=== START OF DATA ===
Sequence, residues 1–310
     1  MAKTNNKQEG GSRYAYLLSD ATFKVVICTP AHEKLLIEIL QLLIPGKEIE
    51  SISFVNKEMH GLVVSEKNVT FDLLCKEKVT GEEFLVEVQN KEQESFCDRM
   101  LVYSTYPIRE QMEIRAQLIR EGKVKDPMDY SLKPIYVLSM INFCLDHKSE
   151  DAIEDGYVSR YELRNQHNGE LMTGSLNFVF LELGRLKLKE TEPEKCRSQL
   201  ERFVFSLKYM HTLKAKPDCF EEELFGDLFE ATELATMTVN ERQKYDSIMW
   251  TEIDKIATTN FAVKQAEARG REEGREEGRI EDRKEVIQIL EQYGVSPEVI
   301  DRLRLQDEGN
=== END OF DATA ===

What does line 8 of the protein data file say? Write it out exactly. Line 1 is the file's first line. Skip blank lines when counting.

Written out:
   301  DRLRLQDEGN